Today we are starting a new sermon series called: Seven Habits of Highly Effective Disciples. Last week we celebrated a renewal of our baptismal covenant, as we were reminded of God’s promises to us in our baptism, and we also reaffirmed our vows – vows perhaps someone else took for us once, on our behalf, before we could even remember, or vows we took for ourselves – maybe when you were a teen or maybe as an adult when you reached some significant point of decision in your faith journey. As we reaffirmed our baptismal covenant, we said these words: As members of the body of Christ and in this congregation of The United Methodist Church, we will faithfully participate in the ministries of the church by our prayers, our presence, our gifts, our service, and our witness, that in everything God may be glorified through Jesus Christ.
            For the next several weeks, we’re going to examine each one of those commitments, Prayers, presence, gifts, service, and witness. But today we begin with a broader question, with the main question in fact: purpose. Then, after we look at each of the commitments individually, we’ll ask ourselves what it means for us, for our congregation, because of our purpose, and because of all those things we’ve considered, and so we’ll talk about commitment, and ask ourselves what commitments we’re ready to make.
            As many of you know I spent this past week working on my Doctor of Ministry research, writing my first chapter in my project. The first chapter is just the Introduction and Rationale. It doesn’t sound very exciting, but it sets the tone for the work. In the chapter, explain why I chose my research focus and what I think I will learn from my research both personally and professionally, discuss any biases I bring to the project and define any major terms I plan on using. My research is primarily related to the concepts of charity and justice, for example, so I had to define what I mean by those terms. I also had to define what I mean by mission. Do I mean mission like a mission statement? Like missionaries who work to announce the good news? Like a mission trip where people help build a house? Like our mission committee where we talk about what service projects we want to do? So I explained that in my paper, mission would refer to purpose. When I talk about mission in my project, I’m talking about the purpose of our lives and the purpose of the church. You’ve heard us talk about the denomination’s mission statement, our purpose statement: to make disciples of Jesus Christ for the transformation of the world. And back in October, I shared with you my understanding of that mission: Our mission is to keep announcing the same good news Jesus announced: of God’s kingdom, as we also keep working to change our lives so that our values are God’s values. The mission of the church is working to invite others to come alongside us as together, following Jesus, we reorder our lives so that what’s most important to God is also most important to us.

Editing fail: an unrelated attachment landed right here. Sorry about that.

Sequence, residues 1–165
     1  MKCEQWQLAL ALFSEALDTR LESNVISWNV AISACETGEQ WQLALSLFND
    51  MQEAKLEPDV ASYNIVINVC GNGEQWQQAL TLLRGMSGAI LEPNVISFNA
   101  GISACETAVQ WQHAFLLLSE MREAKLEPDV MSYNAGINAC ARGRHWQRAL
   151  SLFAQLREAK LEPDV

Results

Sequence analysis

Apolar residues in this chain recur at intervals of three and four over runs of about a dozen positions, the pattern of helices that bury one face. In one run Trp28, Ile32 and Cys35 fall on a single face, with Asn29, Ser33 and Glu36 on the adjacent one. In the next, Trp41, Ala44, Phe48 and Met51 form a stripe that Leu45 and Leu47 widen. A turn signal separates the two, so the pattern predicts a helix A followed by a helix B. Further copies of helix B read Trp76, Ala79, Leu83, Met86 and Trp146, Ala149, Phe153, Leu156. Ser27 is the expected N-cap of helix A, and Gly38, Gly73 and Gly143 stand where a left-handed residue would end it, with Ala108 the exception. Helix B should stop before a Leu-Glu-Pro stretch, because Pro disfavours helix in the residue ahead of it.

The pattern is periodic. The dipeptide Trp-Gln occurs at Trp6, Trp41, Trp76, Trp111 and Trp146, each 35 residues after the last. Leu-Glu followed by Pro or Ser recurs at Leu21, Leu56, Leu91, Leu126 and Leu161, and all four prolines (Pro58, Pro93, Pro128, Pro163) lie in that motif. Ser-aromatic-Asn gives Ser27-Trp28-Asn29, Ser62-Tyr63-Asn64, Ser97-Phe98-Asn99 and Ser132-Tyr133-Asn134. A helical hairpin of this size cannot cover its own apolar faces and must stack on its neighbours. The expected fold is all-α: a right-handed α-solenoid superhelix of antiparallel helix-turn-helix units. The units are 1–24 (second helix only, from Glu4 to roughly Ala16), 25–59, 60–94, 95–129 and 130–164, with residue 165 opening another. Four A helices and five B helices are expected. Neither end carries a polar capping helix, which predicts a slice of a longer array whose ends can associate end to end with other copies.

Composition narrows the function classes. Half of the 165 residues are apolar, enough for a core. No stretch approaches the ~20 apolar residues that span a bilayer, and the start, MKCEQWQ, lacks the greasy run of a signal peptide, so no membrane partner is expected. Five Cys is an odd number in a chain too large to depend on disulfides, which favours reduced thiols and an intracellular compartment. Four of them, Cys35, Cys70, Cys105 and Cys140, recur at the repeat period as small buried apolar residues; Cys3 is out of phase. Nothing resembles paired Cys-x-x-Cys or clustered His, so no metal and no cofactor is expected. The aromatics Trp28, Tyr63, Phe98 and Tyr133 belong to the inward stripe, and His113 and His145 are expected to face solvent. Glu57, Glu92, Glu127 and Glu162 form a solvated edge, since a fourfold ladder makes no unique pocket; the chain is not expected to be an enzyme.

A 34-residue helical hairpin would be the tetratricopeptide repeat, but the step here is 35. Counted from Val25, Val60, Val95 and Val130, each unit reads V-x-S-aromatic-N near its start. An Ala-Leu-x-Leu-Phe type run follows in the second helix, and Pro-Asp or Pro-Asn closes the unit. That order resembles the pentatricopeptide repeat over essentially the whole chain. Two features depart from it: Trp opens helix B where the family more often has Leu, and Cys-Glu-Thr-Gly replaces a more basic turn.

But the most important part of Chapter 1 is that I have to state my research question and my thesis. What question am I asking, and what is the answer I’m going to try to prove in my paper? Any of you have written a paper will remember being taught that you must have a thesis statement that you can prove. And you have to state your thesis right up front, as soon as possible: what’s your purpose for writing the paper? What’s it all about? In my draft project proposal, my advisor said my proposal read too much like a sermon – occupational hazard – and that I needed to get to my thesis sooner. Right away. As I write each chapter in the weeks ahead, everything I write must point back to my thesis. The instructions for the paper are clear – I must constantly loop back to my thesis, and my chapters have to support that my thesis is on target. Everything else I write, no matter how long, how many words, is just a kind of evidence for what I say on the very first page. Like a mission statement, my paper must have a purpose, a thesis, and everything else hinges on that.
             Today we read a text from Philippians, a letter written by the apostle Paul to Christians living in what was a wealthy city in the northern part of Greece, written while he was imprisoned under house arrest in Rome or Ephesus. In our passage for today, Paul has just explained that he’s seeking to know Christ and the power of his resurrection by sharing in Christ’s suffering and become like Christ in death. Paul reasons that you can’t claim the resurrection of Christ unless you’re also willing to take up the cross with Christ. That’s the goal Paul is talking about when our text begins: he is pressing on toward this goal, and he seeks it because he wants to know Christ, even as Christ knows him. “But this one thing I do,” he says, “forgetting what lies behind and straining forward to what lies ahead, I press on towards the goal for the prize of the call of God in Christ Jesus.”